Universalism sees everything in relation to the oneness of the universe, the One. Mystics have seen the One as the metaphysical Fire or Light. Shelley wrote, “The One remains, the many change and pass.” St Augustine wrote in c.400, “I entered (within myself). I saw with the eye of my soul, above or beyond my mind, the Light Unchangeable.” Hildegarde of Bingen, who died in 1179, wrote, “The Light which I see… is more brilliant than the sun.” Pascal called it the Fire, and wrote the date he saw it, Monday 23 November 1654, on parchment and sewed it into his doublet. My works record 112 experiences of the Fire or Light (all dated from diary entries at the time).
The key message in 60 years of letters about my works is that despite its many contradictions, the universe is a Oneness, that all humankind is fundamentally a oneness and that all disciplines (including literature, philosophy, history and international politics) are individually a oneness and have to be seen as a whole and are collectively interconnected within a Oneness.
In my Selected Letters I write about seven disciplines: mysticism (seeing the Fire or Light as the universal mystical experience, seeing the unity of the universe); literature (seeing the fundamental theme of world literature as a quest for the One and as condemnation of follies and vices); philosophy and the sciences (seeing all humankind in relation to the One, the unity of the universe, and so challenging modern philosophy); history (seeing the underlying patterns of world history and of 25 civilisations as beginning with a mystic’s vision of the One, seeing all history as one, a whole); religion (seeing the Light as the common essence of all religions, which are therefore one); international politics and statecraft (seeing the benefits of a new democratic World State that can abolish war and solve all the world’s problems); and world cultures (seeing the underlying unity of world culture). All these disciplines are connected by the One they all approach.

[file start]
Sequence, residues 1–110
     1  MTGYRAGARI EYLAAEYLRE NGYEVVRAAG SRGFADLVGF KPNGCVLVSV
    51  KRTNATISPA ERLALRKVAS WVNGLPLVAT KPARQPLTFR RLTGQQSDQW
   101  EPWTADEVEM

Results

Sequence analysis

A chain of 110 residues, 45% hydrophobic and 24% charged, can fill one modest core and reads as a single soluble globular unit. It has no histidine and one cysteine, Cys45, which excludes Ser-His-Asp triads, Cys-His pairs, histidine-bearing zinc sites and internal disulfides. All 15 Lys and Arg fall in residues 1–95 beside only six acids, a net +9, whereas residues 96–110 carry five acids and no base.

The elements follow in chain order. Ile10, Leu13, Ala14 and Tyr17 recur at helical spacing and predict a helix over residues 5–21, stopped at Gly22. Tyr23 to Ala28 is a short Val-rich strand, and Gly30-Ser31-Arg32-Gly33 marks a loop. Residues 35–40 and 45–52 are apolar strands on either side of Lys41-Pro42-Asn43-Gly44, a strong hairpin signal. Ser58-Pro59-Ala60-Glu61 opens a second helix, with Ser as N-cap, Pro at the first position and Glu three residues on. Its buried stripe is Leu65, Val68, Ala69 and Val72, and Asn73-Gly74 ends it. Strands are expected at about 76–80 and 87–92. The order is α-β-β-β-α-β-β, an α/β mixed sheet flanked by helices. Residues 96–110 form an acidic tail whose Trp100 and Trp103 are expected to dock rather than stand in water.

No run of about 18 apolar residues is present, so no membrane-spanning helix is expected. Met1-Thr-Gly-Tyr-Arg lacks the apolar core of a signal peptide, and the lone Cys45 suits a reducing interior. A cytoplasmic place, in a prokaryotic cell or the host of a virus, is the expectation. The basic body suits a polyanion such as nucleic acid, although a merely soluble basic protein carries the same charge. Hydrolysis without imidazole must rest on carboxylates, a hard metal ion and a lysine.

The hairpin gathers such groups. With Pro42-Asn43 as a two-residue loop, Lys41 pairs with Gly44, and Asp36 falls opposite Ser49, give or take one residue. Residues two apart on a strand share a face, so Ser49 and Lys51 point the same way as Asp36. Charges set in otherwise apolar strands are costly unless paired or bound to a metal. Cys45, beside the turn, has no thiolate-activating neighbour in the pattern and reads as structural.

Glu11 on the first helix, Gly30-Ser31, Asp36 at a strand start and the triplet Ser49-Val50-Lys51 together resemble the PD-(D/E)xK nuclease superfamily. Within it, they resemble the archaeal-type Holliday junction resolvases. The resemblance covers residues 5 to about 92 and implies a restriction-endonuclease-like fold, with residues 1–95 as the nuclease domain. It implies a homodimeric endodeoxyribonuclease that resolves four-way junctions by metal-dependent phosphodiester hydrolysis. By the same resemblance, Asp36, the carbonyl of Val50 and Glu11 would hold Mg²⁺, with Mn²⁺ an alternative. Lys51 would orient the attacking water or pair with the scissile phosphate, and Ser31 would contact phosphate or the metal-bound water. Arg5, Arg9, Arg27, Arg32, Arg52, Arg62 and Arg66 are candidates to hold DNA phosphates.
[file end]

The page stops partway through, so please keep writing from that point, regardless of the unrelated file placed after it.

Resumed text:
These seven disciplines are interconnected like the seven bands of a rainbow: each band is separate yet is part of one rainbow, and behind them all is the Oneness that everyone can experience in their lives, a unity behind all the diversity the rational, social ego sees. My trademark is the stag on my coat of arms, the two seven-branched antlers: one antler representing the seven disciplines, the other antler representing the seven branches of literature in which I have written and worked (my main discipline).
My new philosophy of Universalism surfaced in a time in which philosophy had been dominated by rational, analytical philosophy: logical positivism and linguistic analysis. Universalism looks back to the Presocratic Greeks, including Anaximander of Miletus, who along with Heracleitus of Ephesus connected philosophy with Nature. My new philosophy of Universalism returns philosophy to Nature, and philosophical Universalism challenges logical positivism and linguistic analysis, the rational approach to the universe of the Vienna Circle that focused on language and logic more than on the science and beauty of the universe.
In my literature I have explored this oneness (literary Universalism). I have written two epic poems on war and peace, Overlord (about the Second World War) and Armageddon (about the War on Terror). My subject matter has taken me across the Atlantic to America. I discussed Overlord with Ezra Pound, an American, in 1970. My heroes were Americans: Eisenhower and then Bush, my Aeneases (Aeneas being the hero of Virgil’s The Aeneid). In my current affairs I have written an American trilogy (The Secret Founding of America, The Secret American Dream and The Secret American Destiny). I owned Otley Hall in the UK for seven years, where the Jamestown voyage, which led to the founding of America in 1606/7, was planned. One of the letters is to President Clinton in 1997, and he did what the letter suggested and based the 400th anniversary of America’s founding, celebrated in 2007, on the Jamestown settlement. So I think of myself as a half-American writer. (One day someone may look into me as an American writer, and these two epics, currently available worldwide, may be republished by an American publisher with introductory essays drawing attention to the American angle in these works.)